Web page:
Accepting the challenge, Punjabi University invited 22 leading economists from four universities of the state and other parts of India to discuss and debate Punjab’s economy. After observing the ailments of the economy, the economists arrived at common minimum consensus-based policy measures; a document in English and Punjabi was prepared and submitted to the chief minister (available at http://www.punjabiuniversity.ac.in/cdeiswebsite). This amply brings out that Punjab’s political elite and economists in tandem recognised the slide of the state’s economy.
Economic glory lost
The three-decade-long economic glory of Punjab since the ushering in of the Green Revolution was achieved because of the hard work of the political elite, well-informed policy advice, suitable institutional arrangements and good economic governance. Why was this lost?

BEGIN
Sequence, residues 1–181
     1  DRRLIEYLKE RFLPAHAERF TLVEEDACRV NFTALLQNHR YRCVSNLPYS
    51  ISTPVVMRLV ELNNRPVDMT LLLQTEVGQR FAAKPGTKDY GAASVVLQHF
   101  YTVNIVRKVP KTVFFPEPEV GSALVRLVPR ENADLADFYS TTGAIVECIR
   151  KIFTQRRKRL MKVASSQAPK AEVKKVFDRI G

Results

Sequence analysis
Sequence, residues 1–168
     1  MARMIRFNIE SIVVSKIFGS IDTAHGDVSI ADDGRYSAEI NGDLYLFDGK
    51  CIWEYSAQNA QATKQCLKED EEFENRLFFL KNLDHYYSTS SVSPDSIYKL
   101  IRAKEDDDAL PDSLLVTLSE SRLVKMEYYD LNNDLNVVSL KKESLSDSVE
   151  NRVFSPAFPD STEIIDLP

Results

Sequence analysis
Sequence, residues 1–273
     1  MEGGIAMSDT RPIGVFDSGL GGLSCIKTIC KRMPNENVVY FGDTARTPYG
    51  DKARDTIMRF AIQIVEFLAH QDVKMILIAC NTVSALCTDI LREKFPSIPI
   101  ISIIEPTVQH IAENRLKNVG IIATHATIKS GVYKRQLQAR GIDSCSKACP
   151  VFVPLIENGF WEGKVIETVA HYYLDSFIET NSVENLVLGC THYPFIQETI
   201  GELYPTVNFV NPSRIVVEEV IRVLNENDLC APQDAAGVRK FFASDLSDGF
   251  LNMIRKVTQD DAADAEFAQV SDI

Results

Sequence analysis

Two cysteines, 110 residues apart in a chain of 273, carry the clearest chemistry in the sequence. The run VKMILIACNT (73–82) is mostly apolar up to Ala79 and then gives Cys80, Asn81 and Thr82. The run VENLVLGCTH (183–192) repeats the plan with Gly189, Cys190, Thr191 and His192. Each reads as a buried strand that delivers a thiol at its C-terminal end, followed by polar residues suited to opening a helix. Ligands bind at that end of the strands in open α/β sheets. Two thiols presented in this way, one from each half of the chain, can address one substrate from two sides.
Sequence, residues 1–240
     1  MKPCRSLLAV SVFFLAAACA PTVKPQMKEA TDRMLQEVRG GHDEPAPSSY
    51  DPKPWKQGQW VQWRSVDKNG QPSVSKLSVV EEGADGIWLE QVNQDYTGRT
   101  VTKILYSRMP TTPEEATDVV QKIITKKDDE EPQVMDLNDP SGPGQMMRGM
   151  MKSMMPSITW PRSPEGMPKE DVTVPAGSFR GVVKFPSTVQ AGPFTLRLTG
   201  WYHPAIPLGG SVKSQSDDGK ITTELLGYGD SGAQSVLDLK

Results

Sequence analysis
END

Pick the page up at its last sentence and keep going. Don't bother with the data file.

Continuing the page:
Precisely because of two reasons: one, the political instability and a decade-and-a-half-long disruption of economic governance and institutional arrangements. The role of the state shifted from development to law and order. Two, the liberalisation, privatisation and globalisation era, since 1991, questioned the power and capability of the state to direct economic activities. During this period, the political elite intelligently understood the changing times and changed their character from statesman politician to businessman politician. As a consequence of it, dysfunctionality of governance-related institutions remained a handy tool for both thriving in business and through fiscal profligacy as well in politics. The political elite turned ‘ideology-less’. This has eliminated the role of the opposition, which is otherwise vital for a well-functioning democracy. The role of well-informed policy advice to direct economic activities was the casualty.